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A Mango

Published Feb 10, 2006 - (Updated Dec 19, 2012)

Should someone call you “un mango” in Mexico it’s definitely a compliment, only the hunkiest guys referred to that way since it conjures up such a sensuous image - the sultry tropical air here perpetually permeated with the pungent sweet smell of this succulent fruit.

Its flesh is an important part of the local diet and Puerto Vallarta was one big mango orchard before tourism changed things. Yet even today, Mexico is the dominant exporter of them to the US, mangos to Mexicans what apples are to gringos, containing significant amounts of vitamins A, B and C and an average 140 calories. Yet more than half of Canadians and Americans have yet to discover the refreshing pleasure of biting into one.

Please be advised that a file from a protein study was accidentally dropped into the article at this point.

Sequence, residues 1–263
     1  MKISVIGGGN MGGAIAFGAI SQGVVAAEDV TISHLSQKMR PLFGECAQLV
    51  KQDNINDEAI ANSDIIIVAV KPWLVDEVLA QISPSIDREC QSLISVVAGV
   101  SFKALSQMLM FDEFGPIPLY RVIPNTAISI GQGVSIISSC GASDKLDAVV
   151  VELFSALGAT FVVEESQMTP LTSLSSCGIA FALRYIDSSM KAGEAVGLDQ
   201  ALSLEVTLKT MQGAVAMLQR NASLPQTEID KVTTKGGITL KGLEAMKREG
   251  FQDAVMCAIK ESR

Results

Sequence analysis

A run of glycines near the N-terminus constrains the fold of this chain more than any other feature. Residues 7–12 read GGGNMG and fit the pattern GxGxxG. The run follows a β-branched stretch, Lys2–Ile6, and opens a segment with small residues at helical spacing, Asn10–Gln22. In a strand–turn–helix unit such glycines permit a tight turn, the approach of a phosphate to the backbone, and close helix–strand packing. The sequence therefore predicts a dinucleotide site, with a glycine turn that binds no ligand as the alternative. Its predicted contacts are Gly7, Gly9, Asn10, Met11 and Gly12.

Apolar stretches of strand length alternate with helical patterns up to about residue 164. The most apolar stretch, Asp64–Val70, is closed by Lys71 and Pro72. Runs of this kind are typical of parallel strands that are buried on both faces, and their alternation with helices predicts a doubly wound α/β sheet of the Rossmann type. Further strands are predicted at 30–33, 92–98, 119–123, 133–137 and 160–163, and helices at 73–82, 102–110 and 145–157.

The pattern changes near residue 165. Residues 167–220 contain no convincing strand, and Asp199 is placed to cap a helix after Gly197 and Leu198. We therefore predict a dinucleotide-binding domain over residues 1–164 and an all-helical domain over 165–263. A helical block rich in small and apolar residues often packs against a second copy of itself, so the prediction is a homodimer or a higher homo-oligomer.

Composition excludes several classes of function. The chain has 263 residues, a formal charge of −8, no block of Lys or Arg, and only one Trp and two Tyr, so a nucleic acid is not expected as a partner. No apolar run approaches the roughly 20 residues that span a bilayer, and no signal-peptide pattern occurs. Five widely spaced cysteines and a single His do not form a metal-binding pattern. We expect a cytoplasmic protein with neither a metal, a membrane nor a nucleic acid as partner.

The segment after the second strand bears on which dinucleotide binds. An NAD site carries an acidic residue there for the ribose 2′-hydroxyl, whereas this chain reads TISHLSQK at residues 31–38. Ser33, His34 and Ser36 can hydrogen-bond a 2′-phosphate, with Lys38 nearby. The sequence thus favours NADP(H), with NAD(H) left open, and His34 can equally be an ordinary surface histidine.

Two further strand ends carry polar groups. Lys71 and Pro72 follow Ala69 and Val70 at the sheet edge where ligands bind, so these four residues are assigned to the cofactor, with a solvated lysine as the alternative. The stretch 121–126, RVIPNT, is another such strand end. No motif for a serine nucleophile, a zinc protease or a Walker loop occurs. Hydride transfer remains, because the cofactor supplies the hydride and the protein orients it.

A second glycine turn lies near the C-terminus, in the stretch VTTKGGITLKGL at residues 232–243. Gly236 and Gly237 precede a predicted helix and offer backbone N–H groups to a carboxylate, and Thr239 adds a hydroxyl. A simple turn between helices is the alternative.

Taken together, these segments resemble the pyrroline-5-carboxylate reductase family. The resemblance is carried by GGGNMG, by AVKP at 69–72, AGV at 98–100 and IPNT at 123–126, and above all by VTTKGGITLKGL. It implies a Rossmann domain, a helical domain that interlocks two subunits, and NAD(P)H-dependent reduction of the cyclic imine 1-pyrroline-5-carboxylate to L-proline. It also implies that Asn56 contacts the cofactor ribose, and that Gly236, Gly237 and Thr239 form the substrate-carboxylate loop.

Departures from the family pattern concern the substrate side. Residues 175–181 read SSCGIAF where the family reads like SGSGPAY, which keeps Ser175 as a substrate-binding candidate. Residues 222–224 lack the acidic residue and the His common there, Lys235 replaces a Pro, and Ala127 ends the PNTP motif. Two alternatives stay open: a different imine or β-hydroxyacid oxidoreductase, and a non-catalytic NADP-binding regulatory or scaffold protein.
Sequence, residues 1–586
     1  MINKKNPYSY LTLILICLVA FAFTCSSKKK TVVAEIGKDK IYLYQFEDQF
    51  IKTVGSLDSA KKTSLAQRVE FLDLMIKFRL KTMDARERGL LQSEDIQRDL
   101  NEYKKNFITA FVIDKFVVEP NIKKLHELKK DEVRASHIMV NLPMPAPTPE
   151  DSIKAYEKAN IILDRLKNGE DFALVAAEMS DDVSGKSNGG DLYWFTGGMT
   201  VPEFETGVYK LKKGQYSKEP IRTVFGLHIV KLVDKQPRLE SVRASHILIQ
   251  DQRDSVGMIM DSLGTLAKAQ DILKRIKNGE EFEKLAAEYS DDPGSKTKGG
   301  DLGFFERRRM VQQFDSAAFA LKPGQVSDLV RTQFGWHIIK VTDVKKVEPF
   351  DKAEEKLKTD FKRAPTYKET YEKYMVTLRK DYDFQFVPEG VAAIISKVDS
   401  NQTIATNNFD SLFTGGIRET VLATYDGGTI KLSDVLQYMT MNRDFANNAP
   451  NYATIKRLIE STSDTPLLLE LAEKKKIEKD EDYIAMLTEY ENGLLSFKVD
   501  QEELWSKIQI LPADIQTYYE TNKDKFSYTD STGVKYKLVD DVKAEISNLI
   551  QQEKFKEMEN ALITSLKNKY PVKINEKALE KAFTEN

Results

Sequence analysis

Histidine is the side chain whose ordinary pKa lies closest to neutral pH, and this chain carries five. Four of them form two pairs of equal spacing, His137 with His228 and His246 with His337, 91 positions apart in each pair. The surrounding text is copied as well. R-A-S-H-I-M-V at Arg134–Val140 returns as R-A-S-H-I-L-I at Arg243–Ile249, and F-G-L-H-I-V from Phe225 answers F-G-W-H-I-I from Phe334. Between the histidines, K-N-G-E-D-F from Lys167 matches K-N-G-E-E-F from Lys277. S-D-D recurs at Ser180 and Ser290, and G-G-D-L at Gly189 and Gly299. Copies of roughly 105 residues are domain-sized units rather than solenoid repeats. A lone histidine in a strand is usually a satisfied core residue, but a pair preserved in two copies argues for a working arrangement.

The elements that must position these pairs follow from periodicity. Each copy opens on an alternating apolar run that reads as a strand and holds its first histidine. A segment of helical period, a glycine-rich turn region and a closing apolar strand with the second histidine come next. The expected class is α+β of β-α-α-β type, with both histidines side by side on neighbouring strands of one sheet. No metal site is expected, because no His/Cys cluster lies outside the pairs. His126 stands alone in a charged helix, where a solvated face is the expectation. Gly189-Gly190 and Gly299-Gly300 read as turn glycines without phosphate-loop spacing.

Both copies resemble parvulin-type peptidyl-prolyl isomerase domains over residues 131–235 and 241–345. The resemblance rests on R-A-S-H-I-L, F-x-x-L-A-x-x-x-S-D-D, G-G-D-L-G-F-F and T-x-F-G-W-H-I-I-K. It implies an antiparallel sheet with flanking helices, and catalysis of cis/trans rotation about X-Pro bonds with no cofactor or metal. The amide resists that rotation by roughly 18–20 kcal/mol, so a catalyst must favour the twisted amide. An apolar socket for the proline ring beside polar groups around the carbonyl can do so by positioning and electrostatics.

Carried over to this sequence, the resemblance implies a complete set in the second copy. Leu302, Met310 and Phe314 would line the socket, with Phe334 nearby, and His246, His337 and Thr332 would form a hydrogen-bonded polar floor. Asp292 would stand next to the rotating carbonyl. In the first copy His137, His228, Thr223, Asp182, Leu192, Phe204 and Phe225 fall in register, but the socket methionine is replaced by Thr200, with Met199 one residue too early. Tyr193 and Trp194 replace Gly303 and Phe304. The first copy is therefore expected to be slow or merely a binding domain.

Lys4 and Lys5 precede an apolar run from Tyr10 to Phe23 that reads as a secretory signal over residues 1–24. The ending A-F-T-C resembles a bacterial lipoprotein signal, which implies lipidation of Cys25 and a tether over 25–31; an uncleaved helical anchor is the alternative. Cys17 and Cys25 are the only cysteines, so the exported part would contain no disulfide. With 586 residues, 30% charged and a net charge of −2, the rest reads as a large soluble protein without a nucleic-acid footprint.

They can be bought ready to eat on the street, sliced in a plastic bag with lemon and chile or on a stick, the flesh carved to look like petals. At home, Vallartenses cut it in half, remove the pit and eat it with a spoon; or impale it on a special trident-shaped fork before peeling and then enjoying it.

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